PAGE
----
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Some Ramblings - The Ides of March
By Srinivas Kanchibhotla
the ides of march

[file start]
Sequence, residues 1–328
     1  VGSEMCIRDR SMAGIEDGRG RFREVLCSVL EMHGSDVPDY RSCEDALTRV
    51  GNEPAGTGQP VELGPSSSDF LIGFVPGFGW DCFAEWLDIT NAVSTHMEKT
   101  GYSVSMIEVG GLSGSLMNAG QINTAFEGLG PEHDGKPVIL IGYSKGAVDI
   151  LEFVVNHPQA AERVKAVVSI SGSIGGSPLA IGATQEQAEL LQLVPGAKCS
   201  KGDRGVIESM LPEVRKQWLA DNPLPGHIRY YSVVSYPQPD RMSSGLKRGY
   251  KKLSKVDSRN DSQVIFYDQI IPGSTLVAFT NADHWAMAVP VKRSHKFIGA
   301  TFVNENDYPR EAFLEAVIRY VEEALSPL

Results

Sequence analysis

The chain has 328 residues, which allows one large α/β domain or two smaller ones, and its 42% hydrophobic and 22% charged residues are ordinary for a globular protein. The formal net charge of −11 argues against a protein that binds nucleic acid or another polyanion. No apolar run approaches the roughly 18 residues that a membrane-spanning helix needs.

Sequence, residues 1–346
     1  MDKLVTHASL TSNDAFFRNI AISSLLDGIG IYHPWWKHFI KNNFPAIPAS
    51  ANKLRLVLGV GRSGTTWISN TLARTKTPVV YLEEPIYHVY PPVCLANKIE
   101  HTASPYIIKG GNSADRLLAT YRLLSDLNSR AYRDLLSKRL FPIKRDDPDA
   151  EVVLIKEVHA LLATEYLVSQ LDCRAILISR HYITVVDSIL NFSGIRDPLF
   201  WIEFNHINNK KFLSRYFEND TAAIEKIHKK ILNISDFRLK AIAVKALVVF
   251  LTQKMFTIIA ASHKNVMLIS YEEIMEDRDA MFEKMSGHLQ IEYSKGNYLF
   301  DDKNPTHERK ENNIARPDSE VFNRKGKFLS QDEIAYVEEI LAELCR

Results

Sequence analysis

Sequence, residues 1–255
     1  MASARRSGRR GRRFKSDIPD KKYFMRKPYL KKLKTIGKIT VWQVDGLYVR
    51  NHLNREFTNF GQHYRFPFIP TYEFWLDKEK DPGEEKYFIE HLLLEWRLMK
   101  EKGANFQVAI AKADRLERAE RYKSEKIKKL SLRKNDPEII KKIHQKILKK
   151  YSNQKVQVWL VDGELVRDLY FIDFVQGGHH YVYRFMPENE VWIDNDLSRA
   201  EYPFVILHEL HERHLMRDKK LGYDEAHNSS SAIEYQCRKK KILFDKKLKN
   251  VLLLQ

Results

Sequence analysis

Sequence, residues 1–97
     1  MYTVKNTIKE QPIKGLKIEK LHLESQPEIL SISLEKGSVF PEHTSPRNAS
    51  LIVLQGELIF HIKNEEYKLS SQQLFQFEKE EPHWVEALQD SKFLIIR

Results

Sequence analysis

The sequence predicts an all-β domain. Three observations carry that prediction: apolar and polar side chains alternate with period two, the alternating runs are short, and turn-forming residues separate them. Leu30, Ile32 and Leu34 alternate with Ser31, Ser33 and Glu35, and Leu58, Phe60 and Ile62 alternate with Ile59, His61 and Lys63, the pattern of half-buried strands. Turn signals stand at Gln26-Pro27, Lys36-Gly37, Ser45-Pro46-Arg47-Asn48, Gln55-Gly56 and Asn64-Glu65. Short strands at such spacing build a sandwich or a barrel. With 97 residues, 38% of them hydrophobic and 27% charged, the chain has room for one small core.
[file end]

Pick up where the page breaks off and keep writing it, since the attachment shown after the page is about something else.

It was just a little flag pin, hard to pick out at a cursory glance. Right after 9/11 when patriotism blended blindly with jingoism, where every form of stars and stripes paraphernalia - large flags, lapel pins, T-Shirts, handy flags on cars and in peoples' hands - sold like water bottles on a torrid day, it became a mandatory adornment for politicians, a little flag pin beaming proudly from the chest, without which they would be rather caught dead in public view. And during Barack Obama's presidential campaign, that little pin almost threatened to take the conversation away from the wars, economy, and administration and towards inconsequential and inane topics like whether Obama was indeed a patriot by refusing to wear the pin, refusing to take his noble answer that patriotism should mean much more than flaunting tiny trinkets on shiny suits. The non-issue dragged down his message to the point that where ever he went he spent more time defending his choice to not wear the pin than talking about his position on more important issues that directly affected the populace. It was a brave stand by an American politician who refused to take refuge in the last resort for scoundrels - patriotism. Along with race and religion, patriotism is the third wheel in American politics, and politicians dared not go against the popular sentiment. That made it much more presidential of Obama, who appeared on stage after stage in state after state, without the pin, answering the same question, defending the same position, over and over....Until one day, the pin made a quiet entrance on his breast pocket. It wasn't the foul/loud mouthed commentators, or the hounding press or the non-existent public resentment that won that day. A small victory party was celebrated in his own campaign headquarters by his own staffers that night. It is they who eventually wore him down and won over him (not, won him over) on that occasion.